Posted by Michael Weiss on Thursday, June 5, 2014 - 00:00
Ah, meetings. A universally used workplace tactic – that is almost as universally derided. Noted humorist Dave Barry, “If you had to identify, in one word, the reason why the human race has not achieved, and never will achieve, its full potential, that word would be ‘meetings.’”
Why all the angst? For many, it’s about the time waste, a complaint that isn’t unfounded. In a just-released survey from Robert Half Management Resources, workers said a quarter of their time in meetings is wasted.
Of course, the drawbacks of ineffective meetings go beyond the time issue. Poorly run discussions interrupt productivity and further hinder workflow when they go later than scheduled. Wasting colleagues’ time also shows disrespect and drives down morale. It’s no wonder the combination of lost time, productivity and morale makes meetings such an extremely costly issue.
So what can professionals do to ensure they run effective meetings? After all, when conducted well, they provide a forum to deliver important updates, brainstorm new ideas and finalize strategies. The press release below includes some tips, and the following alternatives can help overcome the problems of meetings as well.
- Stand-up meetings: Ideal for brief updates requiring face-to-face interaction, these sessions keep people on their toes (literally). And, because they can’t comfortably sit, attendees are less likely to engage in irrelevant chatter.
- Walking meetings: Getting people out of their desks or familiar meeting rooms, by going outside, for example, can create new perspectives. If you’re moving from one part of the building to another on the way to a different appointment, there’s also a forced end to the discussion, helping it stay focused. An added benefit: Walking meetings are healthier.
- Pre-lunch meetings: No one wants to have to skip lunch because they’re stuck in a meeting. As a result, people won't be as inclined to draw out the conversation and go off-topic – or let others do so.
- Designated no-meeting days: Some companies have established parts of the weeks as meeting-free zones. While some discussions may still need to take place, the idea is to give employees that time to dedicate solely to their work. It also may force a little creativity in delivering updates instead of relying on staid meetings.
Worker Survey: One-Quarter of Time in Meetings Is Wasted; Biggest Beefs Include Lack of Agenda, Purpose
MENLO PARK, Calif., June 5, 2014 -- Remember your last hour-long meeting? Chances are 15 minutes of it went to waste, suggests a new Robert Half Management Resources survey. Professionals interviewed believe 25 percent of the time they spend in meetings is unproductive. Respondents feel the most common mistakes meeting leaders make are not sticking to an agenda and lacking a clear purpose for the gathering.
The survey was developed by Robert Half Management Resources, the world’s premier provider of senior-level finance, accounting and business systems professionals on a project and interim basis. It was conducted by an independent research firm and is based on interviews with more than 400 U.S. workers age 18 and over and employed in office environments.
Employees were asked, “In general, what percentage of the time you spend in meetings is wasted?” The mean was 25 percent.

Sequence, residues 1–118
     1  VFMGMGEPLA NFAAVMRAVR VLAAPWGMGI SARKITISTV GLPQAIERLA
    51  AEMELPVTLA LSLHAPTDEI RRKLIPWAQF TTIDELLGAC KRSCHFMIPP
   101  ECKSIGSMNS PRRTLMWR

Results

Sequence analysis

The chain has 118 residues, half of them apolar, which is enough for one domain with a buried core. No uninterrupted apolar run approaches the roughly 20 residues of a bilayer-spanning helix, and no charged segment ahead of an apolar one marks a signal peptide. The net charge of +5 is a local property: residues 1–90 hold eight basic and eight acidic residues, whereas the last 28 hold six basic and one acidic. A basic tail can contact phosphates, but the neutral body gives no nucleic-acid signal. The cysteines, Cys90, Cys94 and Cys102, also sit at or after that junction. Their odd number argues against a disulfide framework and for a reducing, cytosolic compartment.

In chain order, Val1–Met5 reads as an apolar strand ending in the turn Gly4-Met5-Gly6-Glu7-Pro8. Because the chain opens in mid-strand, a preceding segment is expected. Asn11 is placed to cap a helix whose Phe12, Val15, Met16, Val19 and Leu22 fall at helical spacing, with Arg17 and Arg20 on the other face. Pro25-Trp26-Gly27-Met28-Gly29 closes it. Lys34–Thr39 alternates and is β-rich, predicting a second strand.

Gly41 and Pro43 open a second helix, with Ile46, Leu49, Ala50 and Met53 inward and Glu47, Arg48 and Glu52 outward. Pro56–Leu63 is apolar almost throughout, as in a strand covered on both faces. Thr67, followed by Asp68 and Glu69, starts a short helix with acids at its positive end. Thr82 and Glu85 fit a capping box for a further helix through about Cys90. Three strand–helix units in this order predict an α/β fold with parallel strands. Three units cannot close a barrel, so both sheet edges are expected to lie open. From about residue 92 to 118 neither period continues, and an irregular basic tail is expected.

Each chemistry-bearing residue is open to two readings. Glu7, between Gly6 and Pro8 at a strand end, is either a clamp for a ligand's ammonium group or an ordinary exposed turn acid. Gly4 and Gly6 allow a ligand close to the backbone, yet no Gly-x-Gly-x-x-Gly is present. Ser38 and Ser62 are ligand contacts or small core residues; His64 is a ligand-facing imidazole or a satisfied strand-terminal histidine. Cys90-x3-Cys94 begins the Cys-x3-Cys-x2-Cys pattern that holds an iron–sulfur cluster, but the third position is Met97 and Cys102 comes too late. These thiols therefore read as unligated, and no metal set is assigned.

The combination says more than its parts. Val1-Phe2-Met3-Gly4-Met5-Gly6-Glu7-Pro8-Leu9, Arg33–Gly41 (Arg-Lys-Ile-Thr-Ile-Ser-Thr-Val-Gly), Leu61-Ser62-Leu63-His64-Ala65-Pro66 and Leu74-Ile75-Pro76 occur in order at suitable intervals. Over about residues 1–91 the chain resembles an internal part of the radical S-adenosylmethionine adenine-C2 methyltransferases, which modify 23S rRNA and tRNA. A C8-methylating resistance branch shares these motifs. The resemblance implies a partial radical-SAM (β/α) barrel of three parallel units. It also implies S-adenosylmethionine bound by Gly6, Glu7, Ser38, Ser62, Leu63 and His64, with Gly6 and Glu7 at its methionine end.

Employees were also asked, “Which of the following mistakes do meeting leaders commonly make?” Their responses (multiple responses were allowed):
Paul McDonald, senior executive director for Robert Half, said misguided meetings can do more harm than good: “An unnecessary or poorly conducted meeting can bring everyone down because attendees feel like their time is not valued. Leaders can avoid this situation by clearly establishing the purpose of the discussion, ensuring the right people attend and providing them an opportunity to contribute.”
Robert Half Management Resources offers the following five tips for leading effective meetings:
1. Review the invite list. Limit attendees to those participants who have a stake in the outcome of items on the agenda. Indicating “required” versus “optional” attendance lets employees know when their participation and input is necessary and can help them prioritize their time.
2. Keep on track. Good leaders ensure the agenda and any supporting materials are accessible and publicized in advance, and that the discussion remains focused. Be prepared to cut off or table an unrelated conversation until a later time.
3. Plan accordingly. If it’s an in-person meeting, make sure there are enough seats in the room for everyone. Leave time for setup and pre-meeting technology challenges that may arise.
4. Monitor time. Keep it short and sweet. If a standing meeting is booked for an hour each week, but it usually lasts just 30 minutes, consider rethinking the time allotted. If there’s not much to discuss, consider using email or a memo as an alternative to a meeting.
5. Finish strong. If anyone leaves the meeting wondering what the next steps are, you haven’t done your job as meeting host. Allow time for people to ask questions, and determine who has responsibility for each follow-up item.
About Robert Half Management Resources
Robert Half Management Resources is the premier provider of senior-level finance, accounting and business systems professionals to supplement companies’ project and interim staffing needs. The company has more than 145 locations worldwide and offers assistance to hiring managers and consultants at roberthalfmr.com and on its blog at blog.roberthalfmr.com.
What practices have you found help leaders conduct meetings effectively? Please share your ideas in the comments section.AccountingAffordable Care ActCareer AdviceLeadershipManagementMeetingsPaul McDonald